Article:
7 Wound Care Myths

When it comes to the health industry, there are hundreds of myths that people believe and follow. They come from old wives tales that your grandma ingrained in your head, old hypothesis that the media still claims as fact, or just an idea that spread on the internet and you pinned on your Pinterest board.

Wherever they came from, it's time to get some of them straight. Here are 7 myths about wound care and healing small cuts that you believe.

Disclaimer: This site and article is not offering or recommending medical advice or treatment. If you have a concern or wound that you are worried about, see your healthcare provider for more information.

Myth 1: Disinfect Your Wound with Hydrogen Peroxide

Hydrogen peroxide is one of the most used disinfectants in America. As soon as many people get a cut or abrasion, their first step is to throw some hydrogen peroxide on the area and watch the white bubbles fizzle.  There’s almost no pain, it’s satisfying to watch, and it’s helping the wound heal…right? 

Wound specialist Dr. Walter Keller says that “hydrogen peroxide bubbling releases pure oxygen, which kills bacteria but also the healthy cells, slowing down the wound healing.” The more often you use hydrogen peroxide on your wound, the more new and healthy cells you are risking damaging, which will slow down the healing process. 

The best way to clean a small cut or wound is with running water and soap or a saline solution. Rinse the wound for at least five minutes to remove dirt, debris, germs, and bacteria. Avoid scrubbing with a rag as it can increase the spread of germs and bacteria, and make sure that your hands are clean before touching the area. Larger, deep wound should be treated by a doctor or healthcare provider.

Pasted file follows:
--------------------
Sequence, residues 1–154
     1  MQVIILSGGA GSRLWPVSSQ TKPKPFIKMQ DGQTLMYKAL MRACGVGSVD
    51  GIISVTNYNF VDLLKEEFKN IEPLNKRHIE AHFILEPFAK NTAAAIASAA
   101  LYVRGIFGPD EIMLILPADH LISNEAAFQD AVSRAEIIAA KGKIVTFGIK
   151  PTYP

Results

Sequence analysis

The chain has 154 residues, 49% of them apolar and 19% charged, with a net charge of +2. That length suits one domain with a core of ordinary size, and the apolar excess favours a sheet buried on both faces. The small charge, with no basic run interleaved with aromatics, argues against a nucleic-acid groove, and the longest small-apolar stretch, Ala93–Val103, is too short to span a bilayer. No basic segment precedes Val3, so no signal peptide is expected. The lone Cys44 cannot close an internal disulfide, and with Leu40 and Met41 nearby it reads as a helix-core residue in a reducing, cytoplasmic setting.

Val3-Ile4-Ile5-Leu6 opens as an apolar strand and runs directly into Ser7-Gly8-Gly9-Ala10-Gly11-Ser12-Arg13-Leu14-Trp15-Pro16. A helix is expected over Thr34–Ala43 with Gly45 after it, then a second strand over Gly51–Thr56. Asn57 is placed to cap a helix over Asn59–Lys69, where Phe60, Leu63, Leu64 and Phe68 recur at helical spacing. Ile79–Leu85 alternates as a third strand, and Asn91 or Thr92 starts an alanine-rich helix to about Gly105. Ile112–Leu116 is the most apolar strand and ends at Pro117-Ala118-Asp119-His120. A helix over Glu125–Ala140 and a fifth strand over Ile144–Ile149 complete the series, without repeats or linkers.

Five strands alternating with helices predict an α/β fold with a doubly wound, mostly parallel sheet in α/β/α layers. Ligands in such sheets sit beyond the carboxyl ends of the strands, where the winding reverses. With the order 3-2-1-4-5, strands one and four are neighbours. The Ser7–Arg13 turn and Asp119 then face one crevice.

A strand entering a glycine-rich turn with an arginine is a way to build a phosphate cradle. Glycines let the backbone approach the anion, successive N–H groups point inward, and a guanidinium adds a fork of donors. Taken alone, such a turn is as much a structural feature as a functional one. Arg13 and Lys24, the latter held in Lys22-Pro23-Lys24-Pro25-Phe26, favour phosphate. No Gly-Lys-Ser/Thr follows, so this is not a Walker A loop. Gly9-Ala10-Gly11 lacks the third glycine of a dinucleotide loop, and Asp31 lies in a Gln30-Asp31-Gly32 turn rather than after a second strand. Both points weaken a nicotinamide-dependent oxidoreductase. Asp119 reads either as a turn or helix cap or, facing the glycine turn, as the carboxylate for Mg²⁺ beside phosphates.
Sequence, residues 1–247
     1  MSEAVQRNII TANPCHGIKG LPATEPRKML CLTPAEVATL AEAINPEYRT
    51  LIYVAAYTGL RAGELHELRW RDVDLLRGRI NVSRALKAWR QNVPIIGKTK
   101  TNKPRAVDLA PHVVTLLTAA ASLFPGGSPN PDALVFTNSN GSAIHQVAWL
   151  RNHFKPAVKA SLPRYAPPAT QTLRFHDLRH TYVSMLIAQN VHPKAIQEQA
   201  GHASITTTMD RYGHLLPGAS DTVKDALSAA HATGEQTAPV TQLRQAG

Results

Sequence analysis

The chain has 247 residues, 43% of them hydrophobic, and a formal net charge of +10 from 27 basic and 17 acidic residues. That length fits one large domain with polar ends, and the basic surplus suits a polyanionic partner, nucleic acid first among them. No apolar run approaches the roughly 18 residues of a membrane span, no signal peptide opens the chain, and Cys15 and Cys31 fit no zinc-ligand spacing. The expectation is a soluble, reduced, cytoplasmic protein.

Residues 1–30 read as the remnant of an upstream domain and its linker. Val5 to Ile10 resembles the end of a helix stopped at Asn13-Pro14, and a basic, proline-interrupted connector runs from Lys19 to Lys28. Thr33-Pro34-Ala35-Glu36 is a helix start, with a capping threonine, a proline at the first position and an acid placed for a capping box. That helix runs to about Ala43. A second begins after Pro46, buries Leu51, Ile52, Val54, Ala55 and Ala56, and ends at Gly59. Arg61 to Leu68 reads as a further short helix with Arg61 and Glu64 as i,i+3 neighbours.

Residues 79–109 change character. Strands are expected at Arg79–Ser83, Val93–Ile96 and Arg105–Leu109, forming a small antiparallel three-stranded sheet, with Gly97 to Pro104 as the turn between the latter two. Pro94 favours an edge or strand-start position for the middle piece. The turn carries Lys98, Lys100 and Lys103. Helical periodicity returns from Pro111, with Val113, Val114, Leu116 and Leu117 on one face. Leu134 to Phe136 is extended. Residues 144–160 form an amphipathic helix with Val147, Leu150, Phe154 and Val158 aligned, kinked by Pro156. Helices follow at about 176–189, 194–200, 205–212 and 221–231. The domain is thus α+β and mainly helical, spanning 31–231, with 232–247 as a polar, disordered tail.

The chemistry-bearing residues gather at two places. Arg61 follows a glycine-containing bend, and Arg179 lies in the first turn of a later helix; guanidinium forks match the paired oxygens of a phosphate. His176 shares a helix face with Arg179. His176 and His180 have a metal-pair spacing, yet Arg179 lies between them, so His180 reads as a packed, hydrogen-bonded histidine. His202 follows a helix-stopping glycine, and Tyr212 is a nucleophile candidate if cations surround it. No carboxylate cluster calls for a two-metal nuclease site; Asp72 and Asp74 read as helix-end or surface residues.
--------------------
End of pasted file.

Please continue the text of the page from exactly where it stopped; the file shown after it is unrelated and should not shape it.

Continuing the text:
Myth 2: Disinfect Your Wound with Rubbing Alcohol

Alcohol is another common solution for cleaning out wounds, and just like hydrogen peroxide, you risk damaging healthy cells when you use it. The alcohol burns your skin immediately, which is how most skin cells are damaged.

Yes, it can cause some tissue damage. But that burning and stinging must be signs that it is destroying germs and bacteria then?!?

It is true that rubbing alcohol can help minimize germ and bacteria activity, but studies have shown that alcohol isn’t any better than tap water to clean out a wound. Your safest bet is to just use soap and water to clean out a wound so that you don't risk slowing down the healing process.

Myth 3: Let Your Wound Breathe

The idea that wounds and cuts heal better when exposed to air is a common misbelief that puts you at risk from germs, infection, and the environment. Your skin acts as a barrier from disease, bacteria, and debris. By “letting your wound breathe” you are just making yourself susceptible to these elements. It is important to keep your cut as clean, germ-free and protected as possible by putting a bandage on it. 

On top of that, moist skin heals faster than dry skin. The blood vessels heal faster and inflammation rates are lower in bandaged wounds over wounds that have been allowed to dry out. Cells have a hard time functioning in a dry environment so keeping your skin covered and not letting it dry out promotes faster healing. 

Myth 4: Scabs are Part of the Healing Process

Many people misinterpret scabbing as a sign of healing and part of the way the human body heals. The assumption is that a scab is a hard layer of skin cells that protects the body until new skin cells develop.